Bonnie Arbittier / Rivard Report
From June 12-18, guest speakers at the Institute will talk about migration, miscegenation, mobility as a critical statement, empowering local communities to defend their rights, the struggles and accomplishments of immigrants, and what makes Mexican migration different. In addition to the panelists, there will be workshops, an art exhibit, a bilingual storytelling performance, and a play in conjunction with AtticRep at the Tobin Center for the Performing Arts.
“We want to analyze migration as a phenomenon with consequences that are not necessarily negative,” Instituto Cultural de México Director Mónica del Arenal told the Rivard Report in Spanish. “There is this multiculturalism – people who arrive with a spirit of entrepreneurship or a strong desire to work, which in turn builds a better society.
“The panel on Wednesday, June 14, for example, will feature binational students, the artist Betsabeé Romero, a representative from RAICES, and it will be moderated by Consul General of Mexico Reyna Torres Mendívil,” del Arenal said. “These individuals will all provide a different vision of the migration topic, a phenomenon that affects San Antonio. It’s important to talk about it, discuss it, and reflect.”
The Institute has titled the week-long venture: “A World of Migrants: A Week to Understand Migration,” with programming that aims to shed light on the immigrant journey, the phenomenon of migration, and the challenges that migrants experience as they try to make sense of their identity and culture in a new country.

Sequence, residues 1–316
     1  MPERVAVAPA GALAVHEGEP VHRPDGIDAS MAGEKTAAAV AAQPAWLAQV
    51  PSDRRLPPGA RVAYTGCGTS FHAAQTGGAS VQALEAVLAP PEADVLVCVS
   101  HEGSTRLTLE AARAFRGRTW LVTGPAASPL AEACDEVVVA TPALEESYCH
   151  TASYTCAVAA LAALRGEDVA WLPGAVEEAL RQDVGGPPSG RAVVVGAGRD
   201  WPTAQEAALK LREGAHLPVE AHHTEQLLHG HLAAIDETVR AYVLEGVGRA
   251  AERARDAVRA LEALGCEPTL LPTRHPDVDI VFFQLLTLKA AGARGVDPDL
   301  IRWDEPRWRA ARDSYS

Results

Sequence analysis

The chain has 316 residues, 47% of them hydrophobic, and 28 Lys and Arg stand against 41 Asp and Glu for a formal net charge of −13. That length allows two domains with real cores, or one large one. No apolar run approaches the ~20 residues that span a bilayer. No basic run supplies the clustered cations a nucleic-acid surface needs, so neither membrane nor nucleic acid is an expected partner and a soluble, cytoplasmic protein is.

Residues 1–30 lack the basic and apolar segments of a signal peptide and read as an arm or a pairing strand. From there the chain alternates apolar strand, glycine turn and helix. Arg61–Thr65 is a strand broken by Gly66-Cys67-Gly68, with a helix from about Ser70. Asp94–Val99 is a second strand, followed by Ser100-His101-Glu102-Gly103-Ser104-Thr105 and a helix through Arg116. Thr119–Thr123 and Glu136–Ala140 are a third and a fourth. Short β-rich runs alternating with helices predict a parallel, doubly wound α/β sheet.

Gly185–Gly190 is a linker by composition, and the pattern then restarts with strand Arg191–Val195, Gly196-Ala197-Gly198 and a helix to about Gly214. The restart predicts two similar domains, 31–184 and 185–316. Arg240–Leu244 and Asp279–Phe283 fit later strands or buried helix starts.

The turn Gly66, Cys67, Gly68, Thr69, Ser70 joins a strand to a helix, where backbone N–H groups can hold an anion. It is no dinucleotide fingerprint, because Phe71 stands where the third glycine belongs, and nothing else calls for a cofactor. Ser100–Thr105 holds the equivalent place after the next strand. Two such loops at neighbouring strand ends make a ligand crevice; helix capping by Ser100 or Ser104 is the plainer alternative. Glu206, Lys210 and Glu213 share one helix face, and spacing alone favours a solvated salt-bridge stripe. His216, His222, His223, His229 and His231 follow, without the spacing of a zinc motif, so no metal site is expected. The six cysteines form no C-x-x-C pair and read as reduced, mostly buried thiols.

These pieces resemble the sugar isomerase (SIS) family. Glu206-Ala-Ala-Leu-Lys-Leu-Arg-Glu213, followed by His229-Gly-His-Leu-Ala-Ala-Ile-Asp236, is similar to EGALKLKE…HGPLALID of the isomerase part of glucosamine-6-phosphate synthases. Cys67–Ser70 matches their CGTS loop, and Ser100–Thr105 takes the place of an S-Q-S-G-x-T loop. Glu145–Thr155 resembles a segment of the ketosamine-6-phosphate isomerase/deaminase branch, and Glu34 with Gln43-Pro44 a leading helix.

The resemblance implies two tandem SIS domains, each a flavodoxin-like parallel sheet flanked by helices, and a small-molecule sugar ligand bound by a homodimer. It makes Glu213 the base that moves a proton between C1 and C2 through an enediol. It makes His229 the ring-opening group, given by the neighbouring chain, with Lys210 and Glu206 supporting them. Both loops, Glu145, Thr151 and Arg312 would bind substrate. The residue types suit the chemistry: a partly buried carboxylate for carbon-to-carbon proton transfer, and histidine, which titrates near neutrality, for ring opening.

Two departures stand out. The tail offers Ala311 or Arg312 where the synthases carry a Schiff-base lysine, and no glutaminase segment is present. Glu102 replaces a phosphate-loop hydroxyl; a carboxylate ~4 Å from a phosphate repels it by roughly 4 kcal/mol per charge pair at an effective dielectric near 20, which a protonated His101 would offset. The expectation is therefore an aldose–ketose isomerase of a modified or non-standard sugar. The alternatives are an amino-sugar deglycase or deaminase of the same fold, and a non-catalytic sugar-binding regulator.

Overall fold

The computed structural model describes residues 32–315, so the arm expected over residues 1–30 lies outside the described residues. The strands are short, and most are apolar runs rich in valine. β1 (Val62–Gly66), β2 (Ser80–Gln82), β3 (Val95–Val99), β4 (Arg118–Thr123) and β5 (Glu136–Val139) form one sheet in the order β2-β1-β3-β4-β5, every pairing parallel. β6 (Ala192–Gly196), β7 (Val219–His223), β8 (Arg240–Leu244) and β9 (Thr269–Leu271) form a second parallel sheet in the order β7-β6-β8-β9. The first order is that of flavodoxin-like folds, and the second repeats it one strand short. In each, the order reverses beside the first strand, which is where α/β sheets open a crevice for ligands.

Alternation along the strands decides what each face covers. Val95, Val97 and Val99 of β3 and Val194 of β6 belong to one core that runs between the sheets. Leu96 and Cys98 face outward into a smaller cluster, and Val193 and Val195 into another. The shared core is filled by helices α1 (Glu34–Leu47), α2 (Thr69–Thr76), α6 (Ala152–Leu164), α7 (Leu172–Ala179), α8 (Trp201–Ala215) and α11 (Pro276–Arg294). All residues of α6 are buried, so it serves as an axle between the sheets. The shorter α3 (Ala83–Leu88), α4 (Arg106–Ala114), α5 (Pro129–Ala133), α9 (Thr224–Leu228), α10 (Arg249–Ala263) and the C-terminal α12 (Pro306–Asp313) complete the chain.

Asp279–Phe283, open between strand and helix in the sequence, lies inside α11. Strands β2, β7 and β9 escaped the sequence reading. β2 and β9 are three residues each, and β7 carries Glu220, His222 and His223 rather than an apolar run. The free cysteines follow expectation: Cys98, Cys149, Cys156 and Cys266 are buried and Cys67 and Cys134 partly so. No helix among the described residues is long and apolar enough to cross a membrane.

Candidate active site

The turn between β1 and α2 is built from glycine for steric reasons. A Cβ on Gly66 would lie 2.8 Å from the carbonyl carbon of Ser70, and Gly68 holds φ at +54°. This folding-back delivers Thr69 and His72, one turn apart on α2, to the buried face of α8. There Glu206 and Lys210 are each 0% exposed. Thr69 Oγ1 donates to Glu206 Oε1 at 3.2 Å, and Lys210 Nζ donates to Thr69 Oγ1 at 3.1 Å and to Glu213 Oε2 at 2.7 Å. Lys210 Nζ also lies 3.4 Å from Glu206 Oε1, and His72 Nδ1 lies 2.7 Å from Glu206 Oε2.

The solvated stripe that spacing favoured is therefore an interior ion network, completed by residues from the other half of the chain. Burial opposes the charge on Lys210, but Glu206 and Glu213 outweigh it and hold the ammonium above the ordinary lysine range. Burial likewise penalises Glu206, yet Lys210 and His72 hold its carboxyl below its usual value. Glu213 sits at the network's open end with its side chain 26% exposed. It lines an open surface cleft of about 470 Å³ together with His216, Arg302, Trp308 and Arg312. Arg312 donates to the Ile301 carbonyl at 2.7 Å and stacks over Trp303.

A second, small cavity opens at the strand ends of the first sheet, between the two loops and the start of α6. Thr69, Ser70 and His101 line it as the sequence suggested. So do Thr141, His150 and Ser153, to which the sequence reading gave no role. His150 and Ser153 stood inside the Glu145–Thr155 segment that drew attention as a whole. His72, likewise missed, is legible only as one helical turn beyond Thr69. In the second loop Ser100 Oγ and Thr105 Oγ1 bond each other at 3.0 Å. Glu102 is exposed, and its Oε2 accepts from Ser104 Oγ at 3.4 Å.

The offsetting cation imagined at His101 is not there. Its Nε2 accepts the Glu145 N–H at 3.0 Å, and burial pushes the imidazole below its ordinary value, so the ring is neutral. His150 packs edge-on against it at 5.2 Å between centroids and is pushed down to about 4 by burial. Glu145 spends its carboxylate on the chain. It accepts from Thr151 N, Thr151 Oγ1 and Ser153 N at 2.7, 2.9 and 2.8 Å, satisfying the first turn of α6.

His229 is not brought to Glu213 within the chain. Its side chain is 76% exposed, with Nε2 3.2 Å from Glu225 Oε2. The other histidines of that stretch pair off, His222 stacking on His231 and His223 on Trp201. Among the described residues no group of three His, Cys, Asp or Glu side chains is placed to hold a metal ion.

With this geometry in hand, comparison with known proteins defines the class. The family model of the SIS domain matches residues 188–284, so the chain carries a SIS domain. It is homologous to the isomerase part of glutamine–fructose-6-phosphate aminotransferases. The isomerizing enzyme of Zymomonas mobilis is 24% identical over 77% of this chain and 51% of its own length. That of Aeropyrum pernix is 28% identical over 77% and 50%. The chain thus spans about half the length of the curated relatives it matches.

“The cultural part of all this is universal,” del Arenal said. “We want the public to come to the art exhibit and look at Betsabeé’s pieces, read the text, and experience a poetic connection to El Vuelo y Su Semilla / The Flight and its Seed. The exhibit is all about this seed that changes course as the wind blows and it germinates elsewhere and bears fruit – this is a great poetic way to talk about the phenomenon of migration.”
As to the play at the Tobin, titled Through the Wall, del Arenal said the work is based on real stories of immigrants in San Antonio recorded by playwright Regina Moya and translated to English in order to make it more accessible to the audience. The Institute is trying to branch out and have a presence at other venues in order to expand its reach and target different audiences, not just those that frequent its location at 600 Hemisfair Plaza Way.
“We want to continue this link that we have with AtticRep, the resident theatre company at the Tobin, with more frequency,” del Arenal said. “We want the Institute to have a voice and space in other places and collaborations with local institutions, academics, and artists.”
In addition to preparing regular year-long programming, del Arenal is gearing up for the city’s Tricentennial celebrations in 2018, a year that also marks 50 years since HemisFair ’68.
“The building we are in now was a part of the Mexican Pavilion 50 years ago, so the year 2018 has double significance for us,” she said. “We will have programming all year focused on all these themes – the city’s 300 years, the link between Mexico and Texas, and the confluence of cultures in that came together for the 1968 World’s Fair.”
Below is a schedule of the institute’s week-long programming on migration:
When People Migrate / Cuando la gente emigra
Monday, June 12, 6-8 p.m.
Instituto Cultural de México
Bilingual storyteller Carolina Quiroga-Stultz will host a storytelling performance and workshop for children and their families. Though legends and fables, Quiroga-Stultz will push the audience to rethink the phenomenon of migration and forced displacement and to understand its causes.